Thursday, September 3, 2009

Trailing Etiquette

Just like with deaths and divorces, relocating to another country causes a person to go through a series of well-documented stages.  There are a ton of these graphs out there floating around, but here is a link to one of them.
These charts all basically follow the same path with the first stage in the ex-pat rollercoaster ride of emotions being the “Honeymoon Phase”.  The Honeymoon Phase begins as soon as you accept your assignment and continues until such time as you arrive, find a place to live, get settled and actually try to start living your life.  Then comes the “Oh, Crap What Have I Done” phase.  That stage is horrible, so let’s not talk about it too much and go back to the much more fun Honeymoon Phase.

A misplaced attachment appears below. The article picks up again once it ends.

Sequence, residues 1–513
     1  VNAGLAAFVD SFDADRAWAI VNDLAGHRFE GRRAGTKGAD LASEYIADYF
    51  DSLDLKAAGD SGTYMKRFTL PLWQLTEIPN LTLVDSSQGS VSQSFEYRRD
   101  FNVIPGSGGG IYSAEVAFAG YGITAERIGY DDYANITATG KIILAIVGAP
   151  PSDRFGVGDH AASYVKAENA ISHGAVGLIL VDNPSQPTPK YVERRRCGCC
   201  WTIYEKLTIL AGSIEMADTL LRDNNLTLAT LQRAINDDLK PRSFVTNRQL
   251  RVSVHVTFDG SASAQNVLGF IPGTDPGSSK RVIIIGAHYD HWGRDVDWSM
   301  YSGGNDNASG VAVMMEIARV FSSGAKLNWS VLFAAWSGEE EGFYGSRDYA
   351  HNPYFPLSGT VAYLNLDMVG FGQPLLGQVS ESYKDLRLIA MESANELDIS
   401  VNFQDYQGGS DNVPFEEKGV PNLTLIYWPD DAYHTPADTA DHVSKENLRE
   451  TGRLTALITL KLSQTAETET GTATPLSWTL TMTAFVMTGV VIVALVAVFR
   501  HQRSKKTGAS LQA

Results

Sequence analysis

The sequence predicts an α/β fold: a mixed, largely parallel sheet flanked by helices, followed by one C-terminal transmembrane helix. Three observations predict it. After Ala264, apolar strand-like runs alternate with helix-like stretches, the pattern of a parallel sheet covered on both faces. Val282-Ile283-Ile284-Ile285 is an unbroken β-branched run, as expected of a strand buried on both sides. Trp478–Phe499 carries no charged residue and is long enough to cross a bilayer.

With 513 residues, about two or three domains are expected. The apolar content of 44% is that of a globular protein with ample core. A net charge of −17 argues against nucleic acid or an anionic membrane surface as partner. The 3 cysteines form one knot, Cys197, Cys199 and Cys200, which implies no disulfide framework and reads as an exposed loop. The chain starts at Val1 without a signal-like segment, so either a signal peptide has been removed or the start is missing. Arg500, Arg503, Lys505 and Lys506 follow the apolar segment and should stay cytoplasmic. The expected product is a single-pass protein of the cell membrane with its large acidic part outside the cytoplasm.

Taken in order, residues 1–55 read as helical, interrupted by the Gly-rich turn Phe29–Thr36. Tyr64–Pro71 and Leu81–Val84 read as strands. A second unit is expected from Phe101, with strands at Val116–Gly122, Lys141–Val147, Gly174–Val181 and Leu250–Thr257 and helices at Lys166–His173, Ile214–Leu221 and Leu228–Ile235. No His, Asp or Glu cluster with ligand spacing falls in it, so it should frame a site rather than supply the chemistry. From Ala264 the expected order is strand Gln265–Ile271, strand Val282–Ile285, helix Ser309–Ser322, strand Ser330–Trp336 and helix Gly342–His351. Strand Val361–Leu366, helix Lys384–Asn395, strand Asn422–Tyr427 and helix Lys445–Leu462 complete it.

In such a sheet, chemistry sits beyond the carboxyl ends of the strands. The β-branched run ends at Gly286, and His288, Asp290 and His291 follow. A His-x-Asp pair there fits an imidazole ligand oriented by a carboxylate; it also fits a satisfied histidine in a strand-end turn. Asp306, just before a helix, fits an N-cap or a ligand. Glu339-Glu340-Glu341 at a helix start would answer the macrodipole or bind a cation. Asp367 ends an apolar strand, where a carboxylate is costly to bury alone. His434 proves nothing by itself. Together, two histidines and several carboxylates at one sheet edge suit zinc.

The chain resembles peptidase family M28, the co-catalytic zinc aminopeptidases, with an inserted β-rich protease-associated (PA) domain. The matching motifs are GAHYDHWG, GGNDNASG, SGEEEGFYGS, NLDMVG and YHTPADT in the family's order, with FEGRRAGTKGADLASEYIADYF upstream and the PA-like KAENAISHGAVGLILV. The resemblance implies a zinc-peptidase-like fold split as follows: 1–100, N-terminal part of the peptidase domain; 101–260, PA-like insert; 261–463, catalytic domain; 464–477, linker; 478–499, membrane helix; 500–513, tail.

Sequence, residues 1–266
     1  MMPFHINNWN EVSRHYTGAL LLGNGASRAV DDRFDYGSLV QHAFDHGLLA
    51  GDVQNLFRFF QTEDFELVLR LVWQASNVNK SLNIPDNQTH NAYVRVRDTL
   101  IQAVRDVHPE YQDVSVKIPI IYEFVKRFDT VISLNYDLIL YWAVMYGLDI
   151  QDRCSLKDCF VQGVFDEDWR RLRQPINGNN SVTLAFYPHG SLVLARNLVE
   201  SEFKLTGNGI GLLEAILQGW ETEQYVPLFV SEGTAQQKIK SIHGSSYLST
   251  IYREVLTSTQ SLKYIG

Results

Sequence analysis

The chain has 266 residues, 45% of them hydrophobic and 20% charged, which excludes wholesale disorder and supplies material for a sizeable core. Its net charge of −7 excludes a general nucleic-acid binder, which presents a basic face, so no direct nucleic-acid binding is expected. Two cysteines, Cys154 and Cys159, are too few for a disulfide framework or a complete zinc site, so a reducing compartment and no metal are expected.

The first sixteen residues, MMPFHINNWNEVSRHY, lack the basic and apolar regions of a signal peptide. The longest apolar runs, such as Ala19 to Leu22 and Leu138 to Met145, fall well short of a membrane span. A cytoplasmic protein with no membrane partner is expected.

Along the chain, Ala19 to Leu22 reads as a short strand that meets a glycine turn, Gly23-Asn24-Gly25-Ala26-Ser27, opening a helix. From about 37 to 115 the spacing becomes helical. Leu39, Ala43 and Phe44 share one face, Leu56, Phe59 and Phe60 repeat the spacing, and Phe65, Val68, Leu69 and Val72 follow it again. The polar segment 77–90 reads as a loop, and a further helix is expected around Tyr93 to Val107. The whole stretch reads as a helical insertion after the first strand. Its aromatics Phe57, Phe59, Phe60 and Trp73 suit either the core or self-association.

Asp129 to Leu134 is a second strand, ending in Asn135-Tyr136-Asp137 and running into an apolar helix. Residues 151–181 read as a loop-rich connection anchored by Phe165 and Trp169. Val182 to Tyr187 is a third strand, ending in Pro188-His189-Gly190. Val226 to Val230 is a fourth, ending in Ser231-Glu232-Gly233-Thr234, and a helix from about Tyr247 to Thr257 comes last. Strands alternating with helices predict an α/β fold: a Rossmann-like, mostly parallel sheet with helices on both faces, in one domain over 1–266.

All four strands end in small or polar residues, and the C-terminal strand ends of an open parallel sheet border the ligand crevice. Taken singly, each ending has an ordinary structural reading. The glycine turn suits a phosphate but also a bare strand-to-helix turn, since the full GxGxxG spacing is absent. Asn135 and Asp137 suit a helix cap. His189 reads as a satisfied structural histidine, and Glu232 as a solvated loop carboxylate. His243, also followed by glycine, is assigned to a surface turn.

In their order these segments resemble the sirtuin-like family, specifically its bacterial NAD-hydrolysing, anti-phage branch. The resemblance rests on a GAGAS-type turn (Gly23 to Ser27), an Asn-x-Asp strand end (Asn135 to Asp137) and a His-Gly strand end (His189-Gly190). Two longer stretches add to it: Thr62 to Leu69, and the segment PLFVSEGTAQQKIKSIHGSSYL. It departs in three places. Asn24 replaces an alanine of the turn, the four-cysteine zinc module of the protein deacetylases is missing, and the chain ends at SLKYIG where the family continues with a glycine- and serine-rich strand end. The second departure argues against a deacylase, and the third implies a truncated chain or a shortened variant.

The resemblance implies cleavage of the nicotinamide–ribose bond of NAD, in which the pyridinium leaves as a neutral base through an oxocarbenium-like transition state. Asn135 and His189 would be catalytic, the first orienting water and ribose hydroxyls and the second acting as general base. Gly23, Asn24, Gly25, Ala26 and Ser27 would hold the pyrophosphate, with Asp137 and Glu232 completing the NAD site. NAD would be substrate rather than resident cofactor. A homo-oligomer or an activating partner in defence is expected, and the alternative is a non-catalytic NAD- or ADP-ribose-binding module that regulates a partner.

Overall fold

One of the first things you will do, if you are being transferred with your spouse’s Company, is go on an initial househunting/reconnaissance mission to scope out the situation.  This is exciting stuff.  If you can get the Company to spring for Business Class plane tickets, do it!  The difference between Coach and Business on a long flight is WalMart to Nordstroms.  All of the clichés you have heard are true.  Business Class is like when you are in labor during childbirth and the doctor finally gives you the epidural.   Aaaah.  All your pain and woes just float away.  Baby, what baby?  Is someone here having a baby?  Not me, I’m just laying here relaxing, chewing on some ice, watching the soaps.  You can tell right away the Business Class regulars from the wannabees .  The regulars immediately find their little goodie bag and rummage around for the lovely booties.  Off go the shoes, on go the booties.  They hand their jackets to the stewardess FROM THEIR SEAT to be hung up.  I was flushed out as a poseur one of my first times because I made the mistake of trying to give my coat to the Lufthansa attendant as I was getting on the plane.  I was told with a knowing smirk that it would be collected from my seat, bitte, so that they would know who to return it to at the end of the flight without having to ask around, which would be tacky.  Um, OK, sorry, hangs head in shame.